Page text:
Volume XLI, No. 13 | April 11, 2019
Mentoring Millennial Masterpieces: Creating a Class on Heroes
Over the years, I have seen social media jade many of my students, so much so that I began to ask them questions about their online interactions and how they affected them. Almost without fail, my students told me that social media made them feel like underdogs or misfits, left them with a desire to be more included, and made them anxious over the amount of online blame and finger pointing they received simply for being “millennials.” This feedback became my canvas for constructing a more enlightened self-view in my students and the basis for reconstructing my public speaking course. I wanted to give today’s millennials a voice and help them see the hero in themselves.
A Renaissance Approach to Class Construction
Developed for a public speaking course, “hero” uses prescribed learning outcomes that focus on creating speeches. The assignments consist of an informative speech, a persuasive speech, and a final capstone presentation that can be informative or persuasive, fulfilling all content requirements for the course. Students also performed in-class peer evaluations and were required to evaluate a “live” speech outside of class. Besides the prerequisite materials for a regular public speaking class, the class addresses three basic questions to guide topics: What are the characteristics of a hero? Who personifies those characteristics? Can you see yourself as a hero?
At the beginning of the semester, I divide the class into groups of four to five students. After the third lecture, I give the student groups five minutes to come up with at least three characteristics of a hero. Then I ask students to agree on a minimum of two heroes who personify their chosen characteristics. Once these exercises are completed, I compile and share the lists of characteristics and heroes with the whole class.
Assignment 1: Informative Speech
After reviewing the collected list of characteristics and heroes who demonstrate them, I assign the first speech assignment. Students must select three characteristics from the aggregated class list that articulate their personal view of a hero. Each student then constructs an informative speech using these three characteristics to define their view of a hero, resulting in an “explain for better understanding” style speech.
Assignment 2: Persuasive Speech
The second assignment is a persuasive speech. Using the information and concepts presented in a lecture on persuasive speaking, students must prepare a speech to convince the class why a fictional, non-fictional, living, or deceased figure of their choosing is a hero. The characteristics listed in the informative speech must be the foundation of and support for defining this figure as a hero.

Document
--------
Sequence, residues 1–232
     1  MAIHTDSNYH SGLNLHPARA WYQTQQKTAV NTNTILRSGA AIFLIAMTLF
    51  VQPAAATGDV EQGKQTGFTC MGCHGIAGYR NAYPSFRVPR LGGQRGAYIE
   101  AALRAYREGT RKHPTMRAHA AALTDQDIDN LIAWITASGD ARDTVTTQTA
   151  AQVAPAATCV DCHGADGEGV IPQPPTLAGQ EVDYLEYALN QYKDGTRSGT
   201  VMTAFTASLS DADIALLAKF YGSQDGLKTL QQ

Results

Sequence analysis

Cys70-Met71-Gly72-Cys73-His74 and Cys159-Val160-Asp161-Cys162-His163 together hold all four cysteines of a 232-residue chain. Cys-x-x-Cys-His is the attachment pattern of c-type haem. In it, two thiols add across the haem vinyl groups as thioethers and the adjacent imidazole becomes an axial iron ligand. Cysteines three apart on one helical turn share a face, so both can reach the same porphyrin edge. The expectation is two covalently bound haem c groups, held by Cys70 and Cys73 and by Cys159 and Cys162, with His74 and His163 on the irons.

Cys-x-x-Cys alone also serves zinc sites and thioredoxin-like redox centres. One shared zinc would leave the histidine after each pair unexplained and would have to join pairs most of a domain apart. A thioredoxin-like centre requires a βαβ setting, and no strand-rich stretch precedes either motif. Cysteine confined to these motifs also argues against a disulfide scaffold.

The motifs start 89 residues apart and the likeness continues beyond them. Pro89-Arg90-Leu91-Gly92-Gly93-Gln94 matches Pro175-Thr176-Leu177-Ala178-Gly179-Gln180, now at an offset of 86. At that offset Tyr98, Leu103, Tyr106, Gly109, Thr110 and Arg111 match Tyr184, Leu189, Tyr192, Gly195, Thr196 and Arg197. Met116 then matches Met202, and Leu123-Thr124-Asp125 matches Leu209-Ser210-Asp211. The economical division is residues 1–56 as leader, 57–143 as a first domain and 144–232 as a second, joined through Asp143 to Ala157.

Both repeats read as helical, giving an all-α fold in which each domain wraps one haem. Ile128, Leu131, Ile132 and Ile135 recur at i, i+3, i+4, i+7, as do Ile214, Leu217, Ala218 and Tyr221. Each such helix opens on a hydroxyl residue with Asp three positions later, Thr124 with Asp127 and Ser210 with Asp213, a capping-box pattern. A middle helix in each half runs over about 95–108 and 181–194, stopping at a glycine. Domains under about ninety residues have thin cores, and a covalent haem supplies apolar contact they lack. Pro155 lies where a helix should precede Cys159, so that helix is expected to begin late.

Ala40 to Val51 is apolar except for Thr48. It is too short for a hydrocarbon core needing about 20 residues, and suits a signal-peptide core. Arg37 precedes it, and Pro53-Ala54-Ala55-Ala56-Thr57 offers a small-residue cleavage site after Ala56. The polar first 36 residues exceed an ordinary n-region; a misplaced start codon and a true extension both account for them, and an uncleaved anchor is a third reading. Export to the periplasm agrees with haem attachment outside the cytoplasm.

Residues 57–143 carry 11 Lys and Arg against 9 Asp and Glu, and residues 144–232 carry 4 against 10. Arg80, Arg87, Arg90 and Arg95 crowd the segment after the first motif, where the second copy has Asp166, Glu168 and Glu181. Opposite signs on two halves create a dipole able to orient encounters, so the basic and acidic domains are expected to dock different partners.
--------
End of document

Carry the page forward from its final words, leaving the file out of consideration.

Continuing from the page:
Assignment 3: Capstone Speech
Discussion throughout the semester seeks to engage and encourage students to define traits of heroism and identify people they view as heroes. The final exercise is designed to flip the narrative by requiring students to contextualize the characteristics and figures they have identified as heroic and draw parallels from those individuals to themselves. Effectively, this should help students see the hero in themselves.
Feedback and Commentary
At the end of the semester, I prepared a ten-question survey that asked students questions such as, “What did you learn?”, “Did you consider yourself a hero before the class?”, “Do you consider yourself a hero now? Why or why not?”, and “Do you think millennials are viewed correctly? Why or why not?”.
There was definitive common ground in student responses. 100 percent of students felt they had learned how to prepare and deliver a speech. Over 80 percent felt society viewed them negatively and agreed with that assessment. Most notably, over 95 percent did not consider themselves a hero before the course, but 100 percent did after the course.
Below are a sample comments from students following the course:
- “I do consider myself a hero because I feel like I have positively impacted other people’s lives.”
- “I would consider myself a hero now because this class helped me see the key traits heroes embody and how to embrace them myself.”
- “I do consider myself a hero now because I believe I can make a difference in this world someday.”
- “I DO consider myself a hero as I have gained the respect and likeness from my fellow peers and relatives. I never knew how much of an impact my positive decisions has had on others.”
- “I do consider myself a hero. I was able to find traits in myself I wasn’t able to find before.”
- “Yes. I consider myself to be a hero now because of the many things you taught us about what a hero can be.”
Mark Twain said, “The two most important days in your life are the day you are born and the day you find out why.” During the semester I taught this course, I underwent radiation therapy each day for nine weeks. I chose not to tell my students about this until the end of the semester. When I shared my situation with them, I also told them how proud I was of everything they had accomplished over the semester. I told them they were my heroes, and that I hoped it would be an important day in their lives when they realized they were all heroes, as well as a hero to someone else. This course was as much theirs as mine, and now I hope you will make it yours!
Archie Wortham, Professor, Speech
For further information, please contact the author at Northeast Lakeview College, 1201 Kitty Hawk Road, Universal City, TX 78148. Email: firstname.lastname@example.org